The business world has a variety of annual rituals. But while there are occasional cakes in the break room to celebrate a birthday, the majority of them are about as enjoyable as a dentist visit. This despite all efforts to the contrary. For example, many companies have annual employee meetings that feature elaborate productions with cartoonish enthusiasm. Often, they are so over-the-top that they result in more uncomfortable laughter than undying loyalty.
Still, too many of the business rituals go well beyond being simply cringeworthy.
The annual budget reviews at Microsoft under Steve Ballmer were especially painful. An enormous conference center ballroom would be set up with a large square of tables seating at least a dozen people per side. Against the outside walls would be more seating for the hangers-on and aides there to witness the spectacle. Flanked by his accounting, HR, and other support people Steve would rule from a corner seat as the various divisions would file in to take their turn in the blast furnace. Armed with endless pages of spreadsheets filled to the margins with tiny figures, they would defend their projections in the face of withering examination.
Steve could read an Excel spreadsheet like Mozart could read music. Just the slightest glance it seemed could find the tiny soft spot among the hundreds of numbers. The one the division leader hoped he wouldn’t find. Steve would pounce, exploring the depths of why Grand Rapids had such terrible sales, and demanding details beyond all reason. He would plumb deeper and deeper until he drove the manager through the point of being flustered, beyond frustration, well past pain, and not infrequently all the way to tears. Then, his work seemingly done, he’d quickly move on as if nothing had happened. And the question of Grand Rapids and its poor sales, would remain unsettled.
After one such episode, I pulled Steve aside at the break, and practically begged him to not to take it so far. I got the point that people need to own their numbers and be able to defend their decisions. But taking it down so personally as to cause emotional damage to such smart and strong people was just too much. Steve was indignant, even livid, at my suggestion. He had the right, he insisted, and they should be able to take it. Months later he wondered to me why so many senior leaders were taking their stock profits and leaving the company. I wonder, indeed.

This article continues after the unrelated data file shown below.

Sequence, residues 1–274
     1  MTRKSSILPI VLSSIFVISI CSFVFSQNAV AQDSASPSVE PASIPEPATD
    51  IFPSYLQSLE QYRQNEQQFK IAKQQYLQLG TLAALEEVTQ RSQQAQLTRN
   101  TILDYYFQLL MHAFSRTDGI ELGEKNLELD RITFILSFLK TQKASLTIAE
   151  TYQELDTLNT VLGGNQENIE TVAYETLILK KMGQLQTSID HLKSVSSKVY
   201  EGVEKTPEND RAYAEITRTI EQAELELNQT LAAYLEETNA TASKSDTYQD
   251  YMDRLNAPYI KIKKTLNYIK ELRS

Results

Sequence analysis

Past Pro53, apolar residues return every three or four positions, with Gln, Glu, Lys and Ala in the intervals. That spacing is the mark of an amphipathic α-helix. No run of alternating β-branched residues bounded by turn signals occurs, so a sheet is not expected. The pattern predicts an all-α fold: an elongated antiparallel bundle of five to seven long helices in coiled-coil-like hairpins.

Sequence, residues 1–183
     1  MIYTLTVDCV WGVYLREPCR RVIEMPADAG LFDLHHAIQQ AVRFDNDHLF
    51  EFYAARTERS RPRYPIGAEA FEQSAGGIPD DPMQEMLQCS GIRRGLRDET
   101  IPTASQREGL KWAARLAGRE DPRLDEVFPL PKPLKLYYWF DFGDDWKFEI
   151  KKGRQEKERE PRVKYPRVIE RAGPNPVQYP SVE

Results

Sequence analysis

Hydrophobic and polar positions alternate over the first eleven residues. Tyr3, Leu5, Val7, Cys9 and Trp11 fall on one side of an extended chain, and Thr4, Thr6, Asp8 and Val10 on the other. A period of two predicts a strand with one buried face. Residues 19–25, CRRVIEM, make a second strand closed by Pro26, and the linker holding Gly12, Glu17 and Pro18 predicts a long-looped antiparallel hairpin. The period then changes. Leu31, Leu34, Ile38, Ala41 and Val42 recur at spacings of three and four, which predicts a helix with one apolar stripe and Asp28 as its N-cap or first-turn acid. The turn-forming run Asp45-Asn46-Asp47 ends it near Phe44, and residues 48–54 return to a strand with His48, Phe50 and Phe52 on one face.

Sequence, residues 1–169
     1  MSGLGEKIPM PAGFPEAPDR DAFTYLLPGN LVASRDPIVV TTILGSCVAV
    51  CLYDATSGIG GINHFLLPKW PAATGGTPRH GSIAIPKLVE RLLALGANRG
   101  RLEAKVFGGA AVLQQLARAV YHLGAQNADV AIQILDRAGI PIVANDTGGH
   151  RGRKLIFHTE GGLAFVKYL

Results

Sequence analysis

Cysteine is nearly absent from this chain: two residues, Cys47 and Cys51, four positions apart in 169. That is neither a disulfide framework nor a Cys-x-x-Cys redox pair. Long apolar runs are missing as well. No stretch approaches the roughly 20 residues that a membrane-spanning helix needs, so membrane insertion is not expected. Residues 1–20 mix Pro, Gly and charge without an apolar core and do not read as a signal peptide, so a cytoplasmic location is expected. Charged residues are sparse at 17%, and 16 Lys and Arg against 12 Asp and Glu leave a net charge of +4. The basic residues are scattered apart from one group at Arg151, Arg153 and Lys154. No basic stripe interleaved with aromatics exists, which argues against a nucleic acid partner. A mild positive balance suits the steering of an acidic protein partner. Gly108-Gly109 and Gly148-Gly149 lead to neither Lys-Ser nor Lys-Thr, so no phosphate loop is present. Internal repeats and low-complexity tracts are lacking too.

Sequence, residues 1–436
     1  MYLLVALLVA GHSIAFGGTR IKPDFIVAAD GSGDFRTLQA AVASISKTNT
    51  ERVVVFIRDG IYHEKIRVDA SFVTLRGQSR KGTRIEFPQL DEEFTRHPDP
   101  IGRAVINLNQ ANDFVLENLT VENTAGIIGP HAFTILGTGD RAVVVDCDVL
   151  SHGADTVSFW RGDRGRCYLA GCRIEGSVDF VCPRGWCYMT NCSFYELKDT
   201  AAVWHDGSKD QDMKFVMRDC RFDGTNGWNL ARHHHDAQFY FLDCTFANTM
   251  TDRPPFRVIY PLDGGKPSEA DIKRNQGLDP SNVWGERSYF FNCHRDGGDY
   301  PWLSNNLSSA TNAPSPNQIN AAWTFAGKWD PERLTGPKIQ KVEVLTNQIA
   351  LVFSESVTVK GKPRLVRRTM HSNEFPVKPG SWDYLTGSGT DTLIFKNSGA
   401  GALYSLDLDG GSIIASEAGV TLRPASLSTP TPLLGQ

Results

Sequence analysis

Budgets aside, there’s one process that seems to get everyone flustered. It’s the chance for the entire organization, not just managers, to suffer and be criticized. It’s the one annual ritual that everyone loves to hate: performance reviews. No one seems to like them, not the giver nor the recipient. But it doesn’t have to be like that. And that’s what this is all about.
This is Leading Smart, the show about Managing in the Brainpower Age. It’s a field guide to the joys and challenges of leading and working in the modern workplace. I’m Chris Williams, your guide to the stories and ideas that I hope will inspire you to be a better leader in the world of knowledge work.
In this podcast, we’ll take a look at how people meet the challenge of managing smart people in this Brainpower Age. Each episode, we’ll explore everyday problems and provide practical tools you can use to be a better and smarter leader.